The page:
The conversation about broadband often ends there, as if providing access and ensuring that Americans can use it was the end goal. As if closing the digital divide was a giant construction project. We argue that the best measures of broadband are not access or utilization, but rather the societal impacts generated with broadband-enabled services. These include education that can be delivered via remote online learning and two-way video participation in classrooms.

They include telehealth that enable patients and physicians to interact online, sharing medical data and images, and reaching elders and shut-ins who cannot travel unassisted. They include impacts on our transportation systems as more employers shift to a remote workforce with impacts on traffic volumes, air quality and ridership patterns on our transit systems. They include the configuration of our communities and where people will choose to live, shop and seek entertainment. In truth, broadband will impact many aspects that contribute to economic vitality and the overall quality of American life. Just as the interstate highway system altered development and lifestyle patterns across the US, broadband will produce a comparable and perhaps even greater transformation.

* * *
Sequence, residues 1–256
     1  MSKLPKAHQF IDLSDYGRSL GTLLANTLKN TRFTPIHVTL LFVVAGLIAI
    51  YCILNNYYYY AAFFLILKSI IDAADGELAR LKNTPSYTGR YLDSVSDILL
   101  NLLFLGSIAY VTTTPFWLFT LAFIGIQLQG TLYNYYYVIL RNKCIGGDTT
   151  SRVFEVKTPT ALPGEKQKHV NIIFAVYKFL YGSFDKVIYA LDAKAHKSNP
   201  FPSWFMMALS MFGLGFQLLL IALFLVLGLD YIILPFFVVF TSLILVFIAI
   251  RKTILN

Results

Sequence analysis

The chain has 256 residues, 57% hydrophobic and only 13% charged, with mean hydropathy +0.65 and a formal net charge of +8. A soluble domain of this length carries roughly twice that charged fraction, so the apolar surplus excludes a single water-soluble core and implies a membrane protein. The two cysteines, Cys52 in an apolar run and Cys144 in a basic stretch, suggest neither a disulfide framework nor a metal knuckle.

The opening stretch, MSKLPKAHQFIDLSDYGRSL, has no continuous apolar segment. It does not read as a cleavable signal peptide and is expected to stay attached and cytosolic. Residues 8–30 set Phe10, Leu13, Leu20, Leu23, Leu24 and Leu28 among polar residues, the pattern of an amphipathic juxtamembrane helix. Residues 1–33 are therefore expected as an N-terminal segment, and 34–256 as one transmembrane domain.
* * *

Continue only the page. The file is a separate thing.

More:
How do we measure and assess this kaleidoscope of societal, economic and environmental impacts tied to broadband? How do we paint a full-color picture? Our answer lies in the growing discipline of geoanalytics. This is the marriage of digital maps with databases, enabling analyses of where things are happening and uncovering patterns that provide a deeper understanding of connections between seemingly disparate information. Every issue has a spatial or location component — everything happens somewhere — and the key with geoanalytics is to create map layers and attached data that represent each of these dimensions.

Compiling the data to analyze all of these factors is the pathway to creating a full-color understanding of the multidimensional nature of broadband. Understanding where the benefits will be greatest should drive the priority-setting for where to focus funding and other resources. This is an important step that should happen before we start spending money to “close the digital divide.”

States are scrambling to prioritize their use of Coronavirus relief funds and thinking ahead to the availability of billions more in an infrastructure bill, targeted at broadband. Accurately mapping the locations of the unserved can be done now. But let’s not stop there. Let’s use this moment to think in full-color about the data and capabilities we need to understand the potential of broadband. That collection of data and map-based analytics can be, and should be, an ongoing activity that serves as a living dashboard for measuring the societal impacts of broadband. It will be a tiny investment relative to the full value of benefits that universal broadband can bring.

William F. Johnson is Senior Geospatial Strategist at Applied Geographics, Inc (AppGeo).  He is also the former Geographic Information Officer for the State of New York.

Tom Ferree is Chairman & CEO of Connected Nation.